After years of hating the iconic photo, Kim Phuc came to embrace it as a powerful tool to teach peace.
By Abby Zimet
Sep 12, 2016
Facebook has backed down amidst outraged charges of censorship after deleting the iconic photo of a naked burned Vietnamese girl fleeing a napalm attack during the Vietnam War. Demonstrating questionable journalistic standards now being increasingly challenged, the social network deleted the harrowing, Pulitzer Prize-winning image by AP photographer Nick Ut - which shows nine-year-old Kim Phuc running screaming from her village of Trang Bang after she was severely burned by napalm dropped by South Vietnamese planes on June 8, 1972 - in the name of "maintaining a safe and respectful experience for our global community."
Phuc survived. Despite years of ongoing pain and surgeries related to her burns, she now lives in Canada, runs a foundation dedicated to help other child victims of war, and sometimes speaks about the powerful impact of one of the most famous war photographs of all time taken by the Vietnamese, then-21-year-old Ut. The recent uproar came after Norwegian author Tom Egeland included it in a Facebook post about photos that changed the history of wars, and in this case perhaps helped end one. Facebook removed the picture, Egeland protested, Facebook banned him and then proceeded to remove the image several more times when it was defiantly re-posted by other high-profile Norwegians - including Prime Minister Erna Solberg, who charged, "If you edit past events or people, you change history, and you change reality."
That, critics say, is exactly what Facebook is increasingly doing in the name of common rules for all. Many have blasted the social network's random censorship moves - most famously, banning photos of breastfeeding or post-mastectomy women - as the inevitable result of using murky algorithms, not sentient journalists, to make editorial decisions. Notes one critic, “If they are in the news business, which they are, then they have to get into the world of editorial judgement.” In the case of Ut's famous photo, critics cited their ludicrous inability to figure out that the nude child in the photo is not what's obscene or pornographic; the war and its atrocities are. One critic mused the call was probably made by a 22-year-old with "no fucking idea about the importance of the picture.” Said another, “It’s almost like these are kids playing with a toy above their age bracket” - and their historic understanding.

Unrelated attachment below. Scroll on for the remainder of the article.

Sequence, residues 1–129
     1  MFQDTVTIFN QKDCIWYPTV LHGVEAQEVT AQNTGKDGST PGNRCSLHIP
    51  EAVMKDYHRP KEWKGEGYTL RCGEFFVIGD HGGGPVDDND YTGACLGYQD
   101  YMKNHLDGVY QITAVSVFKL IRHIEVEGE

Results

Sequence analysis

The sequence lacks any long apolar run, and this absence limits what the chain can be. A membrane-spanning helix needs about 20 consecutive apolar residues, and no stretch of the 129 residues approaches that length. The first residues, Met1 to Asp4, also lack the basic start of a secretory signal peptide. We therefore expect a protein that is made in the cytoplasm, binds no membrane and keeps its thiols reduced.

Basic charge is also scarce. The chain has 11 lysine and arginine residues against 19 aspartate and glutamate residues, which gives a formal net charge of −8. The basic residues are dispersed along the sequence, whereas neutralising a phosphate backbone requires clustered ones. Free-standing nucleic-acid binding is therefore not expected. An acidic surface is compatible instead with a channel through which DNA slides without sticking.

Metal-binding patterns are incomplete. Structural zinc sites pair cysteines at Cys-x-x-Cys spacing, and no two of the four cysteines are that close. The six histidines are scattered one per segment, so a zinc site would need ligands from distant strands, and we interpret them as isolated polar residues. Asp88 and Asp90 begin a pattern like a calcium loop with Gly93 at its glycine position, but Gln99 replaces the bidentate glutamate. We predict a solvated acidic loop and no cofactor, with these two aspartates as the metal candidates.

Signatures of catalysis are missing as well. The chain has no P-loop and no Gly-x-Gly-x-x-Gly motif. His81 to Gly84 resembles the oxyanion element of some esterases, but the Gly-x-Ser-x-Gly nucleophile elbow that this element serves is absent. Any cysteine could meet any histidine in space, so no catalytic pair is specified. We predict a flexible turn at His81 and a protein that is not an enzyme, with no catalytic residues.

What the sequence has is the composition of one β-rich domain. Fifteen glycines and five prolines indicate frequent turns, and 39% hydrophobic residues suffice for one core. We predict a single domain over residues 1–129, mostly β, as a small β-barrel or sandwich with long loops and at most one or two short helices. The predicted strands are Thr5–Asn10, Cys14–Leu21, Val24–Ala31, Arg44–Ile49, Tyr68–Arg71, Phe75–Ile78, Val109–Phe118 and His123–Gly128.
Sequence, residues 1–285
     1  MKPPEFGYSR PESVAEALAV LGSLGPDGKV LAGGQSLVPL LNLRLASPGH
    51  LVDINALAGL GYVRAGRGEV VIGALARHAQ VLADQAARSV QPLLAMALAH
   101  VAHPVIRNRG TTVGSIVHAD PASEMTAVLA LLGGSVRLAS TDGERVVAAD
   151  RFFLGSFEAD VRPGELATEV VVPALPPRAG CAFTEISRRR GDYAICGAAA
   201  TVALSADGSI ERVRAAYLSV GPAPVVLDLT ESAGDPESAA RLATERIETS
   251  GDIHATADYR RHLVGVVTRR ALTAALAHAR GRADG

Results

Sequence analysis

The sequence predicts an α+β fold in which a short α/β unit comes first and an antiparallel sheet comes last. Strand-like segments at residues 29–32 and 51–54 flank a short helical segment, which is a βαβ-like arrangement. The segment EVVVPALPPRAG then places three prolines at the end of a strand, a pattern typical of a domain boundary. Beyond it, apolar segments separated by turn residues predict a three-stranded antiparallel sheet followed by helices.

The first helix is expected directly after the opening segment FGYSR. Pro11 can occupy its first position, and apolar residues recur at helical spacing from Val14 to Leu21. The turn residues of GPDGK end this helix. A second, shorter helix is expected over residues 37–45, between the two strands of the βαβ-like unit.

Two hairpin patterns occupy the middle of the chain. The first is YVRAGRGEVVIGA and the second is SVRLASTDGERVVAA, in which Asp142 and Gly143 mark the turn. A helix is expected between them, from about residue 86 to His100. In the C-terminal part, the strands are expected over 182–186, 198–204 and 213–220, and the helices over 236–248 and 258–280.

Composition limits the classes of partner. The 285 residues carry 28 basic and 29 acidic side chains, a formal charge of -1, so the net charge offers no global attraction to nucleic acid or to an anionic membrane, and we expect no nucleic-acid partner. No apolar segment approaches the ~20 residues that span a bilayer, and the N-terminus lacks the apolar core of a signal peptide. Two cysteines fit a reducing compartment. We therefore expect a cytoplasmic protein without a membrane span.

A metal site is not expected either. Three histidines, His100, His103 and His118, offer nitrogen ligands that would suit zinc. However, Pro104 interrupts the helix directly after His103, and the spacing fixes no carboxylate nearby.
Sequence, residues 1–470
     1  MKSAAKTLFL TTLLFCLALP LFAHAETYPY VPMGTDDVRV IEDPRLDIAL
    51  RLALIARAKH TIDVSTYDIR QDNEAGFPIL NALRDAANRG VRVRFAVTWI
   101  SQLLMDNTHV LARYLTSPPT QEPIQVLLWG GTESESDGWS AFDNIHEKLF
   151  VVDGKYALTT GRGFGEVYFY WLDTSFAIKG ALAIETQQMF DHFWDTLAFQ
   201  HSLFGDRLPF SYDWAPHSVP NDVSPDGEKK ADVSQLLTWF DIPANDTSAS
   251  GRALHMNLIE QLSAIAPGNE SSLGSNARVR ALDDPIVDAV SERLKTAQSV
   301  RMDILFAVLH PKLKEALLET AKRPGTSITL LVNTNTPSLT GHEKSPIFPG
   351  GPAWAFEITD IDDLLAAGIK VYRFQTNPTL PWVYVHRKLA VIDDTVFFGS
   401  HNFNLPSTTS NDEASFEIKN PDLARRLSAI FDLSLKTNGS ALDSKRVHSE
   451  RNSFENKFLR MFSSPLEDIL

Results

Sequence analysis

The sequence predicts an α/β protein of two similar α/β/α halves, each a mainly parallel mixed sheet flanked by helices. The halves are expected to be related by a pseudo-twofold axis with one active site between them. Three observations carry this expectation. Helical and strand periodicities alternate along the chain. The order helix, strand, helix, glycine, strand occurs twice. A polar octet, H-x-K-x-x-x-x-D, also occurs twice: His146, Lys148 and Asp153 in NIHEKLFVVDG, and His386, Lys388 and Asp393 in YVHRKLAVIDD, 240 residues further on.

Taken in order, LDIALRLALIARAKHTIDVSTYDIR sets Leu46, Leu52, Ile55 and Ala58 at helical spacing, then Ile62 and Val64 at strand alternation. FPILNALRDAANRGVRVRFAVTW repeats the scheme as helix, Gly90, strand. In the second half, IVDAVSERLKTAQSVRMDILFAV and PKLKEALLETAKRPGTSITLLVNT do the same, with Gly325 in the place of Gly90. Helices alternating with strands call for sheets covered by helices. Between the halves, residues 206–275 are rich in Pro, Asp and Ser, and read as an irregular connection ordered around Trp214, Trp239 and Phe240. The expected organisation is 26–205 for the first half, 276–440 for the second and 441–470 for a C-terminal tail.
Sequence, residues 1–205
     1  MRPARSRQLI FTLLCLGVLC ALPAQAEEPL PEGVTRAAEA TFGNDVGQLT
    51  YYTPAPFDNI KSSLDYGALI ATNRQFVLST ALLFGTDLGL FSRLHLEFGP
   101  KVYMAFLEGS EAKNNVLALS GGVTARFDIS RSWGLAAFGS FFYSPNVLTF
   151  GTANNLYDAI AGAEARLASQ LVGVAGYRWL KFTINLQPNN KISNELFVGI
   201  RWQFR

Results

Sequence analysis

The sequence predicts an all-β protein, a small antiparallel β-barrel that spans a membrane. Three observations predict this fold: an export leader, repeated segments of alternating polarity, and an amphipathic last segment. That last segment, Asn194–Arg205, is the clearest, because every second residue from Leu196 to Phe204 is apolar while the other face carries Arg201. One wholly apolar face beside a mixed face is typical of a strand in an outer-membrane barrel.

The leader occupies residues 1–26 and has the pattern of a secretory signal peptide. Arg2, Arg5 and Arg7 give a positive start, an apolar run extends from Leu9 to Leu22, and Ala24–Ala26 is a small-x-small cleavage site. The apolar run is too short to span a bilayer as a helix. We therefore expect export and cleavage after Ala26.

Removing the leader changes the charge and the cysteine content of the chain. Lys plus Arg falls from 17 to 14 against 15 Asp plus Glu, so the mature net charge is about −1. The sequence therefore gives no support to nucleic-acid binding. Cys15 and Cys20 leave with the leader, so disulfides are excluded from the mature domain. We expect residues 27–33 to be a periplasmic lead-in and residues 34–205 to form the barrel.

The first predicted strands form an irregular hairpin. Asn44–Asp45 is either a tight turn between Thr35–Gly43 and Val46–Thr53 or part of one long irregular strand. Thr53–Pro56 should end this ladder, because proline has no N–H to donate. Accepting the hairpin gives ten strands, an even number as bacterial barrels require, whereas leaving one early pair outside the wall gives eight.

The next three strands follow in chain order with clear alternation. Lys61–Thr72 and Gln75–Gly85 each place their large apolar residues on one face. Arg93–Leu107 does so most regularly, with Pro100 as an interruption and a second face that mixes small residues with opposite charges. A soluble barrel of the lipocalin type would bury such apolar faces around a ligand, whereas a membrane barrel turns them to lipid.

Facebook finally relented and re-posted the image after a lengthy, fiery, much-read open letter to Mark Zuckerberg by Espen Egil Hansen, editor-in-chief and CEO of Norway's largest paper Aftenposten. Hansen blasted "the world's most powerful editor" with abusing its power and attacking "freedom of expression - and therefore democracy." Citing the very real historical implications of the debate, he wrote, "Mark, please try to envision a new war where children will be the victims of barrel bombs or nerve gas. Would you once again intercept the documentation of cruelties, just because a tiny minority might possibly be offended by images of naked children?" In the end, he notes, the ever-cogent George Orwell said it best. "If liberty means anything at all," he wrote in his preface to Animal Farm, "it means the right to tell people what they do not want to hear."
Norway's Prime Minister imagines a future of censorship